When swearing on TV is big and clever

Relentless cursing is ignorant and unfunny, but using profanity judiciously - like Joan Rivers did this week - can be hilarious.

Patrick West

Patrick West

Topics Culture

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An old adage goes: ‘Is it big or clever to swear?’ Well, it depends if you are big and clever. If you are professor of astrophysics at Harvard University, weigh 16 stone and are six feet three inches tall, then I guess one can actually genuinely claim to be big and clever, and to be able use bad language at the same time. But if you are a petite 75-year-old Jewish New York comedienne, it seems you can’t be either.

Joan Rivers caused a stir in the UK this week while appearing on ITV1’s lunchtime Loose Women show. On Tuesday, Rivers described the actor Russell Crowe as a piece of ‘fucking shit’. She had pre-empted her outburst by telling the cameramen to ‘get ready to bleep’. Alas, as Loose Women anchorwoman Jackie Brambles embarrassingly had to remind Rivers, the show was going out live (1).

Rivers was subsequently removed from the show at the commercial break. ITV indulged in a predictable ceremony of self-recrimination. A spokesman for the show has said: ‘Guests are always briefed that it is a live daytime show and are reminded not to swear or use inappropriate language. An editorial decision was taken that Joan Rivers should not appear in the final part of the programme. We would like to apologise to Loose Women viewers for the inappropriate language used on today’s show.’ (2) Rivers announced she was ‘thrilled’ to be removed from a TV show for the first time in 40 years.

There have been many subsequent apologies, generally to the effect that mothers watching Loose Women with their children would have been offended. But this misses three obvious points.

First, why would children be watching such a programme at lunchtime on a Tuesday? Shouldn’t they be at school? Secondly, shouldn’t Loose Women, being a current affairs magazine-type show, have a seven-second delay process, like most radio phone-in shows have, in case of swearing? Thirdly, it also ignores the fact that apart from Brambles, the rest of the cast – Lynda Bellingham, Carol McGiffin and Jane McDonald – found Rivers’ outburst transparently hilarious. Which it was. They didn’t find her words offensive, because her words represented everyday parlance.

I have mixed feelings about bad language on television, and in general. There is the conservative part of me that finds swearing belittling, coarse and moronic. It is often a substitute for being able to express oneself coherently. But there is the anarchic, libertarian part of me that thinks bad language can be liberating.

Often the only way to describe arseholes is to describe them exactly as they are: arseholes. My only problem with bad language is that it should be employed precisely, timely and sparingly. Bad language is only effective on an artistic and literary level when it is used cunningly. This is why James Joyce’s Ulysses is a work of genius, or why the Richard E Grant character in the film Withnail & I is so beautifully touching, or why Graham Chapman’s ‘Brian’, in Monty Python’s Life of Brian, telling his self-appointed apostles that he is ‘not the Messiah’ and ‘now fuck off!’ is so brilliantly timed.

On the contrary, listening to people in pubs or cabs using swear words in every single sentence is the very opposite of genius. For the same reason, the sweary chef Gordon Ramsay – whose show is even called The F-Word – is an unfunny idiot.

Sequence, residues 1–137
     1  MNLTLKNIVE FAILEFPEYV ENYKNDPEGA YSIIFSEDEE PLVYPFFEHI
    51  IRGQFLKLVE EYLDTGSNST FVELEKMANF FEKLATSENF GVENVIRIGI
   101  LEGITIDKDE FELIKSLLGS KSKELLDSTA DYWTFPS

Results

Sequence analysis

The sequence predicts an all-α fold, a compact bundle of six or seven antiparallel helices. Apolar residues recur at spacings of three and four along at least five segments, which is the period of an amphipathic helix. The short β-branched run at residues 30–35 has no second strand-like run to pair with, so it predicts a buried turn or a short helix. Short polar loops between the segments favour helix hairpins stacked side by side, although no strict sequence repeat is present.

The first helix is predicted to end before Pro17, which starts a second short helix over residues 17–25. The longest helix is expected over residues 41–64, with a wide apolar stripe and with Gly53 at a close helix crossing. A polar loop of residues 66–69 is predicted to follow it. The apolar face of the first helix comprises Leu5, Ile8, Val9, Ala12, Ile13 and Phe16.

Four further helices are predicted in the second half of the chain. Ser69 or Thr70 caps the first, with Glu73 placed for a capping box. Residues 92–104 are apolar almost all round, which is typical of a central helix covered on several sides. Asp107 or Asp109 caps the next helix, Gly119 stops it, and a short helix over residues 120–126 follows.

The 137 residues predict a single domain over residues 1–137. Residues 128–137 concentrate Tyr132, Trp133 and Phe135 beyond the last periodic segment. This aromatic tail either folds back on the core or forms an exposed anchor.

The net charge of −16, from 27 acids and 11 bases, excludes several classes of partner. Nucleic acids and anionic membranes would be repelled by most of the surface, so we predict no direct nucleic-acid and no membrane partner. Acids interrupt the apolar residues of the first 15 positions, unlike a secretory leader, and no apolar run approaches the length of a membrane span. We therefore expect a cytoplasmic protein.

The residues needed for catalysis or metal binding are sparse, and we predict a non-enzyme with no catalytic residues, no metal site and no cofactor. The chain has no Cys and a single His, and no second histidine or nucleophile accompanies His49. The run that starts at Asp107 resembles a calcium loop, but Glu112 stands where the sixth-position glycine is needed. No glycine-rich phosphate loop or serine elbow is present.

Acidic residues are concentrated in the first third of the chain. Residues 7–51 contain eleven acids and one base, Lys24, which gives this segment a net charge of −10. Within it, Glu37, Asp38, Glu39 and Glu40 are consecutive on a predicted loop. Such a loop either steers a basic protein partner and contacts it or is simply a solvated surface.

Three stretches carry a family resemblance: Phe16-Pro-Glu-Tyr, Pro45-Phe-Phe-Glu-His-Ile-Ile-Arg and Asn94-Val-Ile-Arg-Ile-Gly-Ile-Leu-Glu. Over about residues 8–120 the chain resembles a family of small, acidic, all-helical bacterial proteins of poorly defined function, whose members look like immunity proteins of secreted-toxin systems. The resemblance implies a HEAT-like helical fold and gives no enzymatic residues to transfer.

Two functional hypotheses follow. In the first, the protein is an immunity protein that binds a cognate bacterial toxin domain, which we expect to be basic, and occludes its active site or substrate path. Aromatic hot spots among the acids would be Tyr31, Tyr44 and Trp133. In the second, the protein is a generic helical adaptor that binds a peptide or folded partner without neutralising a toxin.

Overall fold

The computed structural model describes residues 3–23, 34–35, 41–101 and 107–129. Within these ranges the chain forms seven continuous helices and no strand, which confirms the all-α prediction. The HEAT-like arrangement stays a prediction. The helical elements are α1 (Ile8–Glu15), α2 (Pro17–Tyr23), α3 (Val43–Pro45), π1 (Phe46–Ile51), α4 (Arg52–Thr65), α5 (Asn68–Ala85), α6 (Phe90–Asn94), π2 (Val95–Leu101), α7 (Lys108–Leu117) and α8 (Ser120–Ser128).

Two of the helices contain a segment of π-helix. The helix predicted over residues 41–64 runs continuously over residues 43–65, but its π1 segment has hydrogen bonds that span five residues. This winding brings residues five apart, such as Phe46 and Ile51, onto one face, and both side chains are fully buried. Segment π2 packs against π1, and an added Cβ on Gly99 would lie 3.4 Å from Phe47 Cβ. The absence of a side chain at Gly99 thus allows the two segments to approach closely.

The best examples of swearing in artistic endeavours are those in which only one piece of bad language is used and expertly deployed – like Rivers did. Think of the play Pygmalion, by George Bernard Shaw, which early twentieth-century audiences used to visit just to be horrified by Eliza Doolittle exclaiming ‘not bloody likely’, or the 1939 film Gone With the Wind, in which Rhett Butler says ‘frankly, my dear, I don’t give a damn’. Kenneth Tynan saying the word ‘fuck’ on BBC for the first time in 1965 was memorable not merely because he was the first to do so, but he was the first to do so once. The Sex Pistols may have gone over-the-top when they described Bill Grundy as a ‘dirty fucker’ (among other things) live on television in December 1976, but that was still an hilarious piece of television, principally because Grundy had misjudged the Pistols so badly (3).

The outrage about Joan Rivers is misplaced, phoney and bogus. Few people find the expression ‘fucking shit’ offensive today, merely for the simple reason that promiscuity and scatology are no longer taboo. This is for the same reason that ‘bloody’ and ‘damn’ are no longer taboo, because we are no longer a Christian country and we are no longer offended by blasphemy. All swear-words reflect the mores of their cultures. If Joan Rivers had referred to people as ‘coons’ or ‘pakis’ or ‘niggers’, I suppose I would be genuinely offended, and I dare say she would have suffered the same fate as football manager-turned-pundit Ron Atkinson, who lost his job for using such derogatory language on air. That would have been truly daring. This is because the biggest taboo in society today is racism, and why, consequently, racist swearwords are the only genuinely shocking words left. It wouldn’t have been particularly commendable had she used one, but it would at least have been genuinely offensive.

I’m not in the least offended by people using the ‘f-word’ on daytime TV. But I am offended by people who always seek an excuse to be offended.

Patrick West is spiked’s TV columnist. Visit his blog here.

Read on:

spiked-issue: TV

(1) Joan Rivers swears on Loose Women, YouTube

(2) ITV takes swearing Rivers off air, BBC News, 17 June 2008

(3) Sex Pistols interview with Bill Grundy, YouTube

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Topics Culture


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